Academic regulations and procedures are governed by University policy. Academic dishonesty cases will be handled in accordance the University's policies. If you have a disability that could affect your performance in this class or that requires an accommodation under the Americans with Disabilities Act, please see me as soon as possible so that we can make appropriate arrangements. The Affirmative Action Office has asked that you be made aware of the following: Michigan Technological University complies with all federal and state laws and regulations regarding discrimination, including the Americans with Disabilities Act of 1990. If you have a disability and need a reasonable accommodation for equal access to education or services at Michigan Tech, please call the Dean of Students Office at 487-2212. For other concerns about discrimination, you may contact your advisor, Chair/Dean of your academic unit, or the Affirmative Programs Office at 487-3310.
Please Note: Readings will be updated periodically before we get to the module.
|1||01/09/12||Intro, Advanced Topics Intro, Using Appropedia||Choose Topic|
|2||01/16/12||MLK No classes||Create userpage|
|3||01/23/12||Materials 1-2, How to Lit. Review, Zotero||Lit. review|
|4||01/30/12||Materials 3-4||Lit. review|
|5||02/06/12||Materials 5 , Paper writing||Lit. review|
|6||02/13/12||Devices 1-2, Journal, Reviewers||Lit. review fin|
|7||02/20/12||Devices 3-4, Outline, Methods -long and short, How to make a figure to publish||Journals, Reviewers|
|8||02/27/12||Devices 5*||Outline, " Multijunction Mistakes"|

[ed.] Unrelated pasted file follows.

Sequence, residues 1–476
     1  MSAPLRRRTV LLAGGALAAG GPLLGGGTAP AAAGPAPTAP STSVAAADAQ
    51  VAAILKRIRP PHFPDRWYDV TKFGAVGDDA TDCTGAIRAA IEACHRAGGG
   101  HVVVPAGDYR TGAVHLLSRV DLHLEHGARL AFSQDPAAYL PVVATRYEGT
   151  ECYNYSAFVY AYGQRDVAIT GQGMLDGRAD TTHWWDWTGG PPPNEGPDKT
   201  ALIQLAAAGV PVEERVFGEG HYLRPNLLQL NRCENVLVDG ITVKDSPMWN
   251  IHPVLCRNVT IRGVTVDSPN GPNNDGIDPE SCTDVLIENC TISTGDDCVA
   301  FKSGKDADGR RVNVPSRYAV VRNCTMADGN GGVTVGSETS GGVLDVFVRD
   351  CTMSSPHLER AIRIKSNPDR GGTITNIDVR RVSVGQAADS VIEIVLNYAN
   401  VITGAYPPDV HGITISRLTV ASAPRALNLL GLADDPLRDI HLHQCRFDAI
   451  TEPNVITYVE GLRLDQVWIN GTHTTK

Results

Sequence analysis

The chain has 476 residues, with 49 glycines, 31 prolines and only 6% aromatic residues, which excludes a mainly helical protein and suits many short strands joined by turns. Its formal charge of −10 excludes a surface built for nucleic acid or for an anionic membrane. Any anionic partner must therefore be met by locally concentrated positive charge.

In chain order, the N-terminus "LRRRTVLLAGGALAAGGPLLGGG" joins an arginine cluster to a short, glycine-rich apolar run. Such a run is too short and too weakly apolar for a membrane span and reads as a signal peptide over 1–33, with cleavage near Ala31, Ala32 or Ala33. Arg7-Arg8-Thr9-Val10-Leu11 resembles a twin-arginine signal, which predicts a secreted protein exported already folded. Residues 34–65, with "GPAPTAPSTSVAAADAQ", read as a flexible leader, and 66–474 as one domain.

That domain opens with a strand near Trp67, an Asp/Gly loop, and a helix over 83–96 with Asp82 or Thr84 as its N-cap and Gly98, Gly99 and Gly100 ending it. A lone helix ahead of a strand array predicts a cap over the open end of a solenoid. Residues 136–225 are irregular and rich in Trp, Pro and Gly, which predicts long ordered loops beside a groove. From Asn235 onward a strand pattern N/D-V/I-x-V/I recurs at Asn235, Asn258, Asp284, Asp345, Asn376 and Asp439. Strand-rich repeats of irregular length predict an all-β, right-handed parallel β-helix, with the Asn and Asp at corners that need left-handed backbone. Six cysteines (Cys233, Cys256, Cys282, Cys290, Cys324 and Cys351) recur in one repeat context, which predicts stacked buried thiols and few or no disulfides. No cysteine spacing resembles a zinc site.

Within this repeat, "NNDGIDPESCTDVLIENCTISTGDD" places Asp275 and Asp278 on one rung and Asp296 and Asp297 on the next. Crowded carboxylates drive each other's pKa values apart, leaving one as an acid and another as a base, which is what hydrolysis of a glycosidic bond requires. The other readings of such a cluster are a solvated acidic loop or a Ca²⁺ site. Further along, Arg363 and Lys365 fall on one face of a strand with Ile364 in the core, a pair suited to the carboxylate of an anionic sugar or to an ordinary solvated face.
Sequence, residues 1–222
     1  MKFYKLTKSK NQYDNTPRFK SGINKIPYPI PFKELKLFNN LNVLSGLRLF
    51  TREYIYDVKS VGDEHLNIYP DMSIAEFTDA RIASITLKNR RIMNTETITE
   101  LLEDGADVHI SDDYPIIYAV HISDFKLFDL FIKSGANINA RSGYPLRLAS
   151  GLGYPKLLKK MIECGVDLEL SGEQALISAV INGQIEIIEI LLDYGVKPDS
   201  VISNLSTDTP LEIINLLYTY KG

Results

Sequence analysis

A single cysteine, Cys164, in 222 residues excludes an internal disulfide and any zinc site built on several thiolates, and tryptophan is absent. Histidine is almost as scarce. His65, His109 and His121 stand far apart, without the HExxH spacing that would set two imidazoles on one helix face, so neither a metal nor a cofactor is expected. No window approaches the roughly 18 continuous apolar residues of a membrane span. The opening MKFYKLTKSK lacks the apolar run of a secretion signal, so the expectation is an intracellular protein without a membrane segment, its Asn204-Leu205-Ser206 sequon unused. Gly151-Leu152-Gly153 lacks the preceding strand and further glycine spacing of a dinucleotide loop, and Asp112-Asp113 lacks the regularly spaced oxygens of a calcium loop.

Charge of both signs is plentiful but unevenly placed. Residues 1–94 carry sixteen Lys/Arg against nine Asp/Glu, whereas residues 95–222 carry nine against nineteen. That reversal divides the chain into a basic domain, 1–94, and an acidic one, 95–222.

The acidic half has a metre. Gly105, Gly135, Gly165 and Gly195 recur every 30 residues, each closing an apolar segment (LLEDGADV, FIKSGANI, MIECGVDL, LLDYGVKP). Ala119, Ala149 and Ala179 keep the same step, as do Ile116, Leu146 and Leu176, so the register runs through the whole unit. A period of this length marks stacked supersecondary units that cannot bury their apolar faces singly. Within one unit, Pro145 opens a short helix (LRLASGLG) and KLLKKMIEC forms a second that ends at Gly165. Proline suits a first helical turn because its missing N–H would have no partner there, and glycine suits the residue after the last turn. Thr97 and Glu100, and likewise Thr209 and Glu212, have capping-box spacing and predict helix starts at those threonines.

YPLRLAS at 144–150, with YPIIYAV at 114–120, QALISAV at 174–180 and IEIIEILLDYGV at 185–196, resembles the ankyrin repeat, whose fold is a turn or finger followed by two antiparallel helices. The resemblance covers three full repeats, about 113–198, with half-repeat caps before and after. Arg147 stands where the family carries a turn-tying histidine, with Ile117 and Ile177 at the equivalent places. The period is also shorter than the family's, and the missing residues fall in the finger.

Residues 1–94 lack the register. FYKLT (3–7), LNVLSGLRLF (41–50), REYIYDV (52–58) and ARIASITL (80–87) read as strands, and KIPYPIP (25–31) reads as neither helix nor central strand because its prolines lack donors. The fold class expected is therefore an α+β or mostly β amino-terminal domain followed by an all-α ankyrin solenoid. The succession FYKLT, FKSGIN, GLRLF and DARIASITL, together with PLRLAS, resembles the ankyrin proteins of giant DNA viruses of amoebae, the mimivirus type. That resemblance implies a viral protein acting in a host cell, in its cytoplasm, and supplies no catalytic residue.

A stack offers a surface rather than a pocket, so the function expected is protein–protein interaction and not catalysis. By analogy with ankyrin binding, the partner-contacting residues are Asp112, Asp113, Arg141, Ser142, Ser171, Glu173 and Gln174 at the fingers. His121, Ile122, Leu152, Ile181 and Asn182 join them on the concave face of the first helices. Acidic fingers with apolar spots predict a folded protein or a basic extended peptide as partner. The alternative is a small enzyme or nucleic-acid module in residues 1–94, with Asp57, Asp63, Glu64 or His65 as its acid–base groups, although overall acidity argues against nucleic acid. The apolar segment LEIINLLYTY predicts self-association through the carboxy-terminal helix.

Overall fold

|10||03/12/12||Systems 1-2||Methods, multijunction mistakes|
|11||03/19/12||Systems 3-4||RETScreen tutorial|
|12||03/26/12||Systems 5-6||Draft 1|
|13||04/02/12||Advanced topic 1-3 MY5970 presentation grading rubric||Revisions|
|14||04/09/12||Advanced topic 4-6 MY5970 presentation grading rubric||Revisions|
|15||04/16/12||Advanced topic 7-9 MY5970 presentation grading rubric||Friendly review|
PV Materials Module
- Introduction to Materials and Crystal Structure Principles of Semiconductor Devices (POSD) Chap 2.2
- Band Theory and Semiconductors POSD Chap.2.3
- Silicon c-Si, p-Si and “thin film” silicon Si Structure and Growth
- Thin Film PV Materials – a-Si:H, CdTe, CIGS, CIS, and InGaN The case for thin film PV, Thin Film Review
- Polymers, Quantum Dots, Photosynthesis, and NASA materials Polymer based PV, Quantum DOT PV, Artificial Photosynthesis Basic Research Needs for Solar Energy Utilization
PV Device Module
Background: PVCD Chap 4
- THE PHYSICS OF SOLAR CELLS by Jenny Nelson
- Doping and P/N Junctions PVCD Chap. 5, 6,POSD 4.2-4.6
- P-I-N, N-I-P, Schottky Junctions POSD 4.7, POSD 3.1-3.7
- Dye-sensitized PV Cells Dye-sensitized solar cells
- PV Devices and Engineering limitations
- Multi-junction solar cells- III–V multijunction solar cells for concentrating photovoltaics
PV Systems Module
- Steven J. Strong and William G. Scheller, The Solar Electric House: Energy for the Environmentally- Responsive, Energy-Independent Home, by Chelsea Green Pub Co; 2nd edition, 1994. (initial design and contacting a certified installer)
- Richard J. Komp, and John Perlin, Practical Photovoltaics: Electricity from Solar Cells, Aatec Pub., 3.1 edition, 2002. (A layman’s treatment).
- Roger Messenger and Jerry Ventre, Photovoltaic Systems Engineering, CRC Press; 3rd edition (February 26, 2010) (Comprehensive specialized engineering of PV systems).
- Photovoltaics: Design & Installation Manual by SEI Solar Energy International, 2004.
- The Solar Resource-Solar resource measurement for PV applications PV CDROM Chap 2,8
- SPVOL - Engineering I – Inverters and BOS Sandia PV design spreadsheets 1-5, 6-9,AC/DC
- SPVOL – Engineering II – BIPV, PV/T and new applications PVT Review 2009, PV and sustainable development
- Solar photovoltaic software, RETScreen, RETScreen tutorial
- SPVOL – Economics - LCOE Review of solar levelized cost,SAM, BIPV economics
- SPVOL - Environment and LCA of PV - “Net Energy Analysis For Sustainable Energy Production From Silicon Based Solar Cells”
Advanced Topic Module